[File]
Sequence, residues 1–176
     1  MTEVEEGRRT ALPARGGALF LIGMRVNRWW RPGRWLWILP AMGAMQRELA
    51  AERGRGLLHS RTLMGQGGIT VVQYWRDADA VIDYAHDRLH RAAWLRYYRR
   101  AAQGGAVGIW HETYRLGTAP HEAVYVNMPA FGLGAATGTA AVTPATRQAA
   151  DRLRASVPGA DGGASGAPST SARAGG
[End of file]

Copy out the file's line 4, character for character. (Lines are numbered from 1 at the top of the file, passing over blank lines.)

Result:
   101  AAQGGAVGIW HETYRLGTAP HEAVYVNMPA FGLGAATGTA AVTPATRQAA